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. . . use of coupons. Coupons are advantageous for those of us who use them to get what we want at a lower price than the less organized or diligent have to pay. They're advantageous for the manufacturers because they have a demonstrable effect on consumer behavior--coupons *make* money for the manufacturers, because they get you to buy something you might not normally, and they increase the likelihood that you'll buy it again even without the coupon.

 

It's only when they're used fraudulently that you're cheating the system.

 

To take your example about doubling coupons when "they're not supposed to." It's entirely up to the grocery store whether or not they will double coupons and under what circumstances. The manufacturer pays the face value of the coupon only; the grocery store itself pays for the doubling. Manufacturers will sometimes write "Does Not Double" on their coupons, but that is not binding on the grocery store. So, a store that decides to double even coupons that say "Does Not Double" is not acting fraudulently--they're not costing the manufacturers anything, and they may even be increasing the manufacturers' business.

 

On the other hand, a store that accepts a coupon for a product other than the one on the face of the coupon *is* acting fraudulently. Say the coupon is for Frosted Cheerios, and you want to buy regular Cheerios. The store might decide to accept it anyway, esp. if it knows that they sell enough Frosted Cheerios that they won't end up with more coupons than sales. But this is not fair to the manufacturer, who doesn't want to give you a discount on regular Cheerios.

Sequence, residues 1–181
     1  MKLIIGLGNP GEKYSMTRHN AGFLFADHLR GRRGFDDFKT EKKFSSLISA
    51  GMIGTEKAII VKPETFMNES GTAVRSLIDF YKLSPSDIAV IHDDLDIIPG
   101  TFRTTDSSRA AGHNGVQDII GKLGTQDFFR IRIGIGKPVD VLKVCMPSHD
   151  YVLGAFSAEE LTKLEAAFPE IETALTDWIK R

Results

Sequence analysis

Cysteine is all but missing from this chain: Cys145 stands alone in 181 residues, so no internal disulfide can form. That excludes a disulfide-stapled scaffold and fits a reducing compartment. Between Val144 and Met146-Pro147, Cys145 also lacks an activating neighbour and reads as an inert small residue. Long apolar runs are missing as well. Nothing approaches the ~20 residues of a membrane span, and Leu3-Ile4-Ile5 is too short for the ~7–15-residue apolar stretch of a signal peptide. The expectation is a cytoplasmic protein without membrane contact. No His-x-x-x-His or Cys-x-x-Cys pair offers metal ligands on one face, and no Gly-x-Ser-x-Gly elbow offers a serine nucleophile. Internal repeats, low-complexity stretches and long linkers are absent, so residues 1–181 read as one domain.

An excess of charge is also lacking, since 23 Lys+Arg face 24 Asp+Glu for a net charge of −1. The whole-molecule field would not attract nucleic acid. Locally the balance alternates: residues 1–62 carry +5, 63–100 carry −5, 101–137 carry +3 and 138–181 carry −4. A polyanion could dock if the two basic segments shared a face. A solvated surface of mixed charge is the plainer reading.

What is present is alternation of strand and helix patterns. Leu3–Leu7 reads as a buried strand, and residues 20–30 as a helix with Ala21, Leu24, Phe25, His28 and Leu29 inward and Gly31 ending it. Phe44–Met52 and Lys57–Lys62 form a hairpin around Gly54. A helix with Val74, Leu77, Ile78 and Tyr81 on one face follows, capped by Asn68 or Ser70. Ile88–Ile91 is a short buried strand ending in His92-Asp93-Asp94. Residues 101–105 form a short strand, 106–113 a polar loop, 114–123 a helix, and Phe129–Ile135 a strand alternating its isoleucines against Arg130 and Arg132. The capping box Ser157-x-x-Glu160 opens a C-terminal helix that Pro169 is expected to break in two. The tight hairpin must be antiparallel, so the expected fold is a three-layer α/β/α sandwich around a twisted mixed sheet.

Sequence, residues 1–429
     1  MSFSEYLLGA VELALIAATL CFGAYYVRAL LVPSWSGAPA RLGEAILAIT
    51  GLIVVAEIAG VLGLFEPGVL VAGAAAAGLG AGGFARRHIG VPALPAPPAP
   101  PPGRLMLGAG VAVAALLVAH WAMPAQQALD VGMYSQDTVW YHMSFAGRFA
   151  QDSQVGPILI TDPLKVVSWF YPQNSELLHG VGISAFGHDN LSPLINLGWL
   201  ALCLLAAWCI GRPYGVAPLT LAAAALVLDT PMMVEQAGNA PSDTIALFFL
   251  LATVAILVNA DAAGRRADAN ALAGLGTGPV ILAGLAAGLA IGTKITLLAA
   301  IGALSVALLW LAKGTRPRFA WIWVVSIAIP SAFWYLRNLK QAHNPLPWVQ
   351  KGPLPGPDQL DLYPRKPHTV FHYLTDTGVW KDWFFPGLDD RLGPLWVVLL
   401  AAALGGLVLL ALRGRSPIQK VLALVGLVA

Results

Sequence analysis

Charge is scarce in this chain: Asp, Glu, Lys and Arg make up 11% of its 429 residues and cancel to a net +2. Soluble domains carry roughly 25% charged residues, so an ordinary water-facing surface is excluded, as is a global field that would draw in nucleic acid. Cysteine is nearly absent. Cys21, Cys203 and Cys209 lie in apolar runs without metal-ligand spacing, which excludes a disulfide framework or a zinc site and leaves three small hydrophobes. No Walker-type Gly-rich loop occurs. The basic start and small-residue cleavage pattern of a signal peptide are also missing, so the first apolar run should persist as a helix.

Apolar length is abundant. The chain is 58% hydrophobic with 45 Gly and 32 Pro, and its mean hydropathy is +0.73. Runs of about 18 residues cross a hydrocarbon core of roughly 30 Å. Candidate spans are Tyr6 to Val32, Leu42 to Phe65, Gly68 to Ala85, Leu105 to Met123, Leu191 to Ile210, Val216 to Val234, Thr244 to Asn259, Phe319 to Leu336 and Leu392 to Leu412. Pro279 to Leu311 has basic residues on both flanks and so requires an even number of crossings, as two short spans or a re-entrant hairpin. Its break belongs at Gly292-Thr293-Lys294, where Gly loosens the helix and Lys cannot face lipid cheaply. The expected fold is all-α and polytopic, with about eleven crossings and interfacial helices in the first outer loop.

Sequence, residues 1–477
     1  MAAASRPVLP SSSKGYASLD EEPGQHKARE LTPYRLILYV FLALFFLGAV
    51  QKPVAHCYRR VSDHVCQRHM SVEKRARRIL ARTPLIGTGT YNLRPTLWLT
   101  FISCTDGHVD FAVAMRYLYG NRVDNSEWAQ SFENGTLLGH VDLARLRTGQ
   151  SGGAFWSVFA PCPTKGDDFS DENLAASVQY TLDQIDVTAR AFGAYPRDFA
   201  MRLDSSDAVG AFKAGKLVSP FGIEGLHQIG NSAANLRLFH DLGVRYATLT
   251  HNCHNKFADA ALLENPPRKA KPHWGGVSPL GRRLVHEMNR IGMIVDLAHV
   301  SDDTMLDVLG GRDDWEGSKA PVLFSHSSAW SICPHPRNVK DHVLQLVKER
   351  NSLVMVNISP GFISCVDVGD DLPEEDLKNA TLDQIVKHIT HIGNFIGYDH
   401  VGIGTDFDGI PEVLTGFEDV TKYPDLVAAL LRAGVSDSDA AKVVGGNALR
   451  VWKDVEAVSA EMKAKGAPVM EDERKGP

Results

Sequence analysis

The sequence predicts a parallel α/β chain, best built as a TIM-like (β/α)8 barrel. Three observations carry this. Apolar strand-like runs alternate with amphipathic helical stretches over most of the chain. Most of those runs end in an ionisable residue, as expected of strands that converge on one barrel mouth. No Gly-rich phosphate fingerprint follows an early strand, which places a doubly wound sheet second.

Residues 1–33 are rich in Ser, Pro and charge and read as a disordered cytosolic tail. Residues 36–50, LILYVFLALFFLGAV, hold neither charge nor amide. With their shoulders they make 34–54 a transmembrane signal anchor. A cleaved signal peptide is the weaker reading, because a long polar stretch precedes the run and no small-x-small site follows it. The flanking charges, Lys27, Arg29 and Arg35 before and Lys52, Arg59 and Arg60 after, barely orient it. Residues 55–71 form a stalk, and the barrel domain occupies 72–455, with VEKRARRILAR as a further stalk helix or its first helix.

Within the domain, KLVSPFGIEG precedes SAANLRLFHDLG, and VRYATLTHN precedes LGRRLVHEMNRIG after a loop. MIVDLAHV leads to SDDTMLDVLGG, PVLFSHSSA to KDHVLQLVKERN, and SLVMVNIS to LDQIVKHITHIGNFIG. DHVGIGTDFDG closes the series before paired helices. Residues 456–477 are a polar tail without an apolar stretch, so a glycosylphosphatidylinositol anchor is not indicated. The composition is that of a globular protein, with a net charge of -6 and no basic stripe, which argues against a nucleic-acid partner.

Anyway, in both scenarios, it turns out well for you, the consumer. You get a bigger discount in both cases. But in the second case, it *is* cheating the system. I avoid deliberate fraud (and the stores are generally set up to catch that anyway), but I don't mind taking advantage of services offered to me.

 

 

So beautifully/well written!!:001_smile:

 

I was going to rep you but I think they got rid of that system while I was AWOL. :D

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First, all the items are marked up greatly, which is why stores can afford to take coupons and offer sales. Believe me, they make up for it. That great deal you get buying butter for $1 a lb is made up by raising the price of produce that week, for example.